Hampton Catlin is the inventor of Sass, Haml and Wikipedia Mobile. Currently he can be found building crazy new technologies to mobilize the web at Moovweb.
You’ve seen a button before. You’ve used hundreds of websites that are filled with buttons very similar to the one above. But this isn’t any button. This is YOUR button. The button you see looks like many others, but it is different because it's yours.
When we are so involved in the execution of creative work, we are given an entirely different perspective on the work we are doing than when we view it as an outsider. When I look at the button above, which is taken from the Moovweb cloud management console, I don’t see a button. I imagine architecture diagrams, the meetings I’ve had, and the technical choices that were made to put that button in that spot. I think about the database that is behind that button, the team dynamics that made it, and the marketing team who picked the color.
To me, that is not a button. It is a portal into a complicated technical world.
However, when you look at it, you just see a button. You don’t know all that background. You are without context. To you, the full sum of that button is its pixels and the content on the page around it.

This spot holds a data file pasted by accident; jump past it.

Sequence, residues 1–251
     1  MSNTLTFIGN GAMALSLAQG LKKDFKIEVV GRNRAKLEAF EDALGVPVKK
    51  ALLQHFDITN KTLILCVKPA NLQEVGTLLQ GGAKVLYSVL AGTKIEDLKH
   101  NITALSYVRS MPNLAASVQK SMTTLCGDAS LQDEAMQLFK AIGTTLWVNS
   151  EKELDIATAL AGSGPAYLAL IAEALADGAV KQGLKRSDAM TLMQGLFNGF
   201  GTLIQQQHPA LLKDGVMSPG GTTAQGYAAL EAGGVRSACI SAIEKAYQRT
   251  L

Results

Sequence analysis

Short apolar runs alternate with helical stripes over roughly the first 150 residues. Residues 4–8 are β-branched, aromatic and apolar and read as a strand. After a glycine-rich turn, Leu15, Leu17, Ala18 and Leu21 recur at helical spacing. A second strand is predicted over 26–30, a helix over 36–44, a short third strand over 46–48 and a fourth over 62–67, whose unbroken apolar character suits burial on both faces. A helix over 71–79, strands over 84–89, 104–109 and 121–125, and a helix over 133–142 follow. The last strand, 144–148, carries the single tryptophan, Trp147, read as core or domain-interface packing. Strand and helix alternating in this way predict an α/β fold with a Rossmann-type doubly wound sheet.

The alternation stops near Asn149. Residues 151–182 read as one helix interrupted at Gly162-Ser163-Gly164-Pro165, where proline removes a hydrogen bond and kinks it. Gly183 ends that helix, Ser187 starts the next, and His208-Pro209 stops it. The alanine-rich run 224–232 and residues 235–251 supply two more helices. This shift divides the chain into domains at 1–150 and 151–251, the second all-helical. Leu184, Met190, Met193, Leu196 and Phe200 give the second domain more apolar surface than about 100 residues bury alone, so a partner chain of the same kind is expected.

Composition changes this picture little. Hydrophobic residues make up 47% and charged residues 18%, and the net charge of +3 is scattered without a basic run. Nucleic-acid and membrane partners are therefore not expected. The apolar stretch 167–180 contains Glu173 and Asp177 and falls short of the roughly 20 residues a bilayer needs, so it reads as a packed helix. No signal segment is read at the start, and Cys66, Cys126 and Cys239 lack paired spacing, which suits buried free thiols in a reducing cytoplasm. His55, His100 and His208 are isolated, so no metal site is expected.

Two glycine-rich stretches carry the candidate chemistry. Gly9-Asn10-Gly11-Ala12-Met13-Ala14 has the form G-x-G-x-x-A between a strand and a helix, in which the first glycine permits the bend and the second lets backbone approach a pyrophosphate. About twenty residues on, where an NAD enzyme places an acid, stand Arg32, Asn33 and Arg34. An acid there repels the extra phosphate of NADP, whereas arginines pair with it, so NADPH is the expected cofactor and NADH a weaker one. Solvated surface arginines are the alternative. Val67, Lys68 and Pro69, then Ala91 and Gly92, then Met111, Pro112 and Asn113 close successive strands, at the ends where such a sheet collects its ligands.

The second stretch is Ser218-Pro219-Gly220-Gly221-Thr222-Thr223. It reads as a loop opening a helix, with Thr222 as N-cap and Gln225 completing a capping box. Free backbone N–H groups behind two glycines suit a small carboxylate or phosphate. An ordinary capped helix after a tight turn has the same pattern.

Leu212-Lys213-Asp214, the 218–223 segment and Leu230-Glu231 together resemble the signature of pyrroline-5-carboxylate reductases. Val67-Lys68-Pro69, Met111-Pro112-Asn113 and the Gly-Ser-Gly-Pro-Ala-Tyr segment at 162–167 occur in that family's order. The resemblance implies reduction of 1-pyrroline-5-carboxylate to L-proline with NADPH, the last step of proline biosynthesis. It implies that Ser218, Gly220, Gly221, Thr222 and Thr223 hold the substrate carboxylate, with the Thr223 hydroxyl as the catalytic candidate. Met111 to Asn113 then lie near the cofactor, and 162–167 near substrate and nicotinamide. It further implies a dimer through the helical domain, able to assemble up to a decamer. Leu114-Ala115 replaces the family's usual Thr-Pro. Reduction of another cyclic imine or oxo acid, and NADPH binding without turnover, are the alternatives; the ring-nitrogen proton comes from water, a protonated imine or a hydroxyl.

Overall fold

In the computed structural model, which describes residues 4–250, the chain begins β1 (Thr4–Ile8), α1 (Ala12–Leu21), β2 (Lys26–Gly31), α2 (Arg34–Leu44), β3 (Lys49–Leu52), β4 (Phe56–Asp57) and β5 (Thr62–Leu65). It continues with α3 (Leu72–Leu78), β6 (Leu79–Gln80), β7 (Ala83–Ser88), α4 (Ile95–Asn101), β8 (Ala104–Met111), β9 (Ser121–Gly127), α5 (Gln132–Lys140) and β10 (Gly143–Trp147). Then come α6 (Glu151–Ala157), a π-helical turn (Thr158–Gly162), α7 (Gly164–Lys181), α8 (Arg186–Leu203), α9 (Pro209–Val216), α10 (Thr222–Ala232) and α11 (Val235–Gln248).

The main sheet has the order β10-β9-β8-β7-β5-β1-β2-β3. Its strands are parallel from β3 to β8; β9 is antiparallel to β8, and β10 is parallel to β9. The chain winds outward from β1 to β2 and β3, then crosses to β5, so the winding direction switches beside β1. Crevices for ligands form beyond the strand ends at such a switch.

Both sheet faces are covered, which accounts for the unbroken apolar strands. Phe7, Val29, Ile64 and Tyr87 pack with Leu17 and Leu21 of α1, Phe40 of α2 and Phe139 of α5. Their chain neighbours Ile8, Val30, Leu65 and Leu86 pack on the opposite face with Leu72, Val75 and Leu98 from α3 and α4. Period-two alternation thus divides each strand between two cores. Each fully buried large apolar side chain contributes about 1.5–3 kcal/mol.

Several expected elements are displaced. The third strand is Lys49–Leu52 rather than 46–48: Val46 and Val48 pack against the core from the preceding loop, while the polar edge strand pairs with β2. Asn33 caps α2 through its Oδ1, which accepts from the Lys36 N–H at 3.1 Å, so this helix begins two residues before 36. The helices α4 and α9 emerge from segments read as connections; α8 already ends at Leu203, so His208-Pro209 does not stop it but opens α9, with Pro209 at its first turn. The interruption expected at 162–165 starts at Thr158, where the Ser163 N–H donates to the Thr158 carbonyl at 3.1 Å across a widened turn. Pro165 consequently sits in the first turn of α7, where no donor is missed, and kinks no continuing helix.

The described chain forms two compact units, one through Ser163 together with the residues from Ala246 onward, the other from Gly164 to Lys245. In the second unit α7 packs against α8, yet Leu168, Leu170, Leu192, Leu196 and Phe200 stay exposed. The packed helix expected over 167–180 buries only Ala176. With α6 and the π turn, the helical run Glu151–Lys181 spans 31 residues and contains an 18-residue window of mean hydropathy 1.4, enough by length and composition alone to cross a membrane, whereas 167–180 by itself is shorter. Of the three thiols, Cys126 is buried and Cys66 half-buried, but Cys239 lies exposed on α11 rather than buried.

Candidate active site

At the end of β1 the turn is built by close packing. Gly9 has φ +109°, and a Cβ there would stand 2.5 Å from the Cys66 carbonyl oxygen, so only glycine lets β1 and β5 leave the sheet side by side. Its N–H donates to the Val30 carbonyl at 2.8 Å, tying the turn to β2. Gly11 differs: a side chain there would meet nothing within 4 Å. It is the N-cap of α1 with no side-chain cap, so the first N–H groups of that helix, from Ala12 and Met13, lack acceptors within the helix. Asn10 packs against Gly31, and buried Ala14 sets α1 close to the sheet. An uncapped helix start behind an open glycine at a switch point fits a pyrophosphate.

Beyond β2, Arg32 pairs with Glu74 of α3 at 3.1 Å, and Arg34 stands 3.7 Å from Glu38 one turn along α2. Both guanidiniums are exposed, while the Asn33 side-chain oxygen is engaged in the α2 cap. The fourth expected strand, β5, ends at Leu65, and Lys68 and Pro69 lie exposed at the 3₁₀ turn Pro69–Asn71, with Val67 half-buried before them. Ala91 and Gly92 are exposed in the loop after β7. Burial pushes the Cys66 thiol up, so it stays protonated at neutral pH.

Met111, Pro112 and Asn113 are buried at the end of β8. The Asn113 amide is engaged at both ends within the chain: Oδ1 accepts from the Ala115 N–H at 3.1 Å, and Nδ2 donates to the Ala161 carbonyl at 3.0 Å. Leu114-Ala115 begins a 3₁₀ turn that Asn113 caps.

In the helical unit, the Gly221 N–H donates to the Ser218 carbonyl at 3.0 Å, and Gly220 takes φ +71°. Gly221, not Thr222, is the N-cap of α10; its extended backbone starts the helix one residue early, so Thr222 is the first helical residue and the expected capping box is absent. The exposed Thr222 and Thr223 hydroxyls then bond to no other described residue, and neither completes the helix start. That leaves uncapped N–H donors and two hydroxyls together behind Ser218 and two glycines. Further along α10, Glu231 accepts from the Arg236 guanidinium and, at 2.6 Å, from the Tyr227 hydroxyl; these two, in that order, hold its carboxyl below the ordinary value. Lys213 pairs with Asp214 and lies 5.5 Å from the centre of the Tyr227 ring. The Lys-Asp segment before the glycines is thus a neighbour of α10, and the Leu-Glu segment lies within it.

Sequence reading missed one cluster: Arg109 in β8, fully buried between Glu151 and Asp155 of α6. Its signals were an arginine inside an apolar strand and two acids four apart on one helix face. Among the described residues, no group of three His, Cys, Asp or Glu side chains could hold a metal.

You may not have a lot of buttons, but if you are involved in any creative execution then you have a strong bias to think about the execution over the interpretation. An artist doesn’t see the painting she made. She thinks about the day when she painted it or the feeling that she had when creating it. This is just as true for web development as it is for any creative journey.
I call this the executor’s bias. It is the difference in understanding between a product's executor and user, when the executor is unable to understand what the user values in the product.
Put simply, we care a lot more about the complexities of our product than for simple, user facing issues. We spend a lot more time thinking about the processes and backend issues than we do thinking about the interfaces of our product. Raskin puts this best...
To the user, the interface is the product.
We need to ensure that our organizations and development cycles and tools support those people who do primarily care about the interface. People who think about buttons. And we need to remove the bias that people who think about buttons is synonymous with “person who doesn’t think about important things.” Because, to your user, the button is all they see.
So, find yourself a great button lover, give them great tools, and your users will be thrilled. Just because they aren’t as technical, doesn’t mean they are less valuable.